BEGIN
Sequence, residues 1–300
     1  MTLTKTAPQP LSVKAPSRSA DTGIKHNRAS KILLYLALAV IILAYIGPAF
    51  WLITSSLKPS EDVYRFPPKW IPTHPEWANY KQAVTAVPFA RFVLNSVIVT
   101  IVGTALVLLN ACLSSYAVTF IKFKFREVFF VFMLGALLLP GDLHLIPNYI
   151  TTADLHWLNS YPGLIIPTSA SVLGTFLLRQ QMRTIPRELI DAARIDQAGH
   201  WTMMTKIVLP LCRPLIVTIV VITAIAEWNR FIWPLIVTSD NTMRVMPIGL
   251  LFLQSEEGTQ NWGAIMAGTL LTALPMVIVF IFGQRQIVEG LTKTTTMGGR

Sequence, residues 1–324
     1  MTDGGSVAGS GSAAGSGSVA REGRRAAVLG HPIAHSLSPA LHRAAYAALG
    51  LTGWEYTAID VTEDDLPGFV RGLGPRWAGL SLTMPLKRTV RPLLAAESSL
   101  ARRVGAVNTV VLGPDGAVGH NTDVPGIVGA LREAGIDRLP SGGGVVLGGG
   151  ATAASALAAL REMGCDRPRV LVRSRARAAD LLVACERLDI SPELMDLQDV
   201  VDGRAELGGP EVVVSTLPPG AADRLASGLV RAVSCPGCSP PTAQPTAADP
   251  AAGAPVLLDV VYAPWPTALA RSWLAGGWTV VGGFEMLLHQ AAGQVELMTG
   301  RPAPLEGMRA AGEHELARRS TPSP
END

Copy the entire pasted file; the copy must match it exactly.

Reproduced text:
Sequence, residues 1–300
     1  MTLTKTAPQP LSVKAPSRSA DTGIKHNRAS KILLYLALAV IILAYIGPAF
    51  WLITSSLKPS EDVYRFPPKW IPTHPEWANY KQAVTAVPFA RFVLNSVIVT
   101  IVGTALVLLN ACLSSYAVTF IKFKFREVFF VFMLGALLLP GDLHLIPNYI
   151  TTADLHWLNS YPGLIIPTSA SVLGTFLLRQ QMRTIPRELI DAARIDQAGH
   201  WTMMTKIVLP LCRPLIVTIV VITAIAEWNR FIWPLIVTSD NTMRVMPIGL
   251  LFLQSEEGTQ NWGAIMAGTL LTALPMVIVF IFGQRQIVEG LTKTTTMGGR

Sequence, residues 1–324
     1  MTDGGSVAGS GSAAGSGSVA REGRRAAVLG HPIAHSLSPA LHRAAYAALG
    51  LTGWEYTAID VTEDDLPGFV RGLGPRWAGL SLTMPLKRTV RPLLAAESSL
   101  ARRVGAVNTV VLGPDGAVGH NTDVPGIVGA LREAGIDRLP SGGGVVLGGG
   151  ATAASALAAL REMGCDRPRV LVRSRARAAD LLVACERLDI SPELMDLQDV
   201  VDGRAELGGP EVVVSTLPPG AADRLASGLV RAVSCPGCSP PTAQPTAADP
   251  AAGAPVLLDV VYAPWPTALA RSWLAGGWTV VGGFEMLLHQ AAGQVELMTG
   301  RPAPLEGMRA AGEHELARRS TPSP